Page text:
The effects of pre-sleep learning on sleep continuity, stability, and organization in elderly individuals

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Abstract

Several studies have consistently shown that pre-sleep learning is associated to changes of sleep structure. Whereas previous research has mainly focused on sleep states, namely REM and NREM amount, very little attention has been paid to the hypothesis that pre-sleep learning might improve sleep continuity, stability, and cyclic organization, which are often impaired in aging.Thus, aim of this researchwas to assess, in a sample of 18 healthy elderly subjects, whether a memory task administered at bedtime would determine changes in any sleep parameter, with special regard to sleep continuity, stability, and organization. To this purpose, a baseline sleep (BL), i.e., a normal sleep with 9-h time in bed (TIB), was compared to a post-training sleep (TR), with the same TIB but preceded by an intensive training session. For the latter, a verbal declarative task was used, consisting in learning paired-word lists, rehearsed, and recalled for three times in a row. To control for individual learning abilities, subjects were administered several sets of lists with increasing difficulty, until they reached an error rate ≥20% at third recall. Relative to BL, TR shows a signifi-cant reduction in the frequency of brief awakenings, arousals, state transitions, "functional uncertainty" (FU) periods, and in the percentage of time in FU over total sleep time (TST). A significant increase in the number of complete cycles, total cycle time (TCT), and TCT/TST proportion was also found. All these changes are evenly distributed over the sleep episode. No sleep stage measure display significant changes, apart from a slight reduction in the percentage of Stage 1. Scores at retest are negatively correlated with both the frequency of arousals and of state transitions. Our data suggest that pre-sleep learning can yield a beneficial re-organizing effect on elderlies' sleep quality. The inverse correlation between recall scores and the measures of sleep continuity and stability provides further support to the role of these features in memory processes. © 2012 Conte, Carobbi, Errico and Ficca.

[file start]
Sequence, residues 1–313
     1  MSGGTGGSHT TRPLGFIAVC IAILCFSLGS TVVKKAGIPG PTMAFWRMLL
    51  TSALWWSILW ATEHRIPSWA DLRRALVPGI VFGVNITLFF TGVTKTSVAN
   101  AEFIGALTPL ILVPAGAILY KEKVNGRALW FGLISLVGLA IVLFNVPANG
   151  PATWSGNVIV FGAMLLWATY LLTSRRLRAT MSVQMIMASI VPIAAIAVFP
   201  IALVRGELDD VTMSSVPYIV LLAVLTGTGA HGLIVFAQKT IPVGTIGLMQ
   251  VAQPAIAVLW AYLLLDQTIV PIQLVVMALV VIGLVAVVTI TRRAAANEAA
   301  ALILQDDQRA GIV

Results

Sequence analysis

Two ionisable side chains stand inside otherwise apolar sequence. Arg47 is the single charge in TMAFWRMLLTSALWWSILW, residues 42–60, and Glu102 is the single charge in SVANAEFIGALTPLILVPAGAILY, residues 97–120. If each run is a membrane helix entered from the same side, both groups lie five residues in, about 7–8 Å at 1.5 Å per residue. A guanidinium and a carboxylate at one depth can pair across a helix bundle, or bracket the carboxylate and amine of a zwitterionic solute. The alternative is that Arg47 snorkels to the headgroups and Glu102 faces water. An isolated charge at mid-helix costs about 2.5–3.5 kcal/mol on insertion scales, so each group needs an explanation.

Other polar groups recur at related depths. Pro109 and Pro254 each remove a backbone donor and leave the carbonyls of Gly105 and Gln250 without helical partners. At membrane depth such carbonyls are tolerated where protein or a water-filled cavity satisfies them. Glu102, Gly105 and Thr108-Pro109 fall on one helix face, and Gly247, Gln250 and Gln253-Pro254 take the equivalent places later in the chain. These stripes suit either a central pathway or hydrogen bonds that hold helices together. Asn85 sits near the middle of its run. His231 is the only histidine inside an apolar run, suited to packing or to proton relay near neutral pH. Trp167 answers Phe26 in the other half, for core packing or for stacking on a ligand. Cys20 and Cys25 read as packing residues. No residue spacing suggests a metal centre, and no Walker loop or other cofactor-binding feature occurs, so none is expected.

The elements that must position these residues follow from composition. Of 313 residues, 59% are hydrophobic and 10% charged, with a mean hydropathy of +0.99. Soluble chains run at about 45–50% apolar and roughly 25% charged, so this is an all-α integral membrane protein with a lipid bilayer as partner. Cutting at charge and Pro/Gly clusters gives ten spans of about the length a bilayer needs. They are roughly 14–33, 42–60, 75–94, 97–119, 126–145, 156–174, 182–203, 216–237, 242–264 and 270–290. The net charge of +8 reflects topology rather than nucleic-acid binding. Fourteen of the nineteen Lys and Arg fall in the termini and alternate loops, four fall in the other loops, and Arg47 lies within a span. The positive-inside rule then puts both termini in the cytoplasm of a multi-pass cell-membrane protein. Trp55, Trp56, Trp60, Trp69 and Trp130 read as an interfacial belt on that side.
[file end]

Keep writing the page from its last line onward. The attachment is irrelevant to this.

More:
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Conte, F., Carobbi, G., Errico, B. M., & Ficca, G. (2012). The effects of pre-sleep learning on sleep continuity, stability, and organization in elderly individuals. Frontiers in Neurology, JUL. https://doi.org/10.3389/fneur.2012.00109

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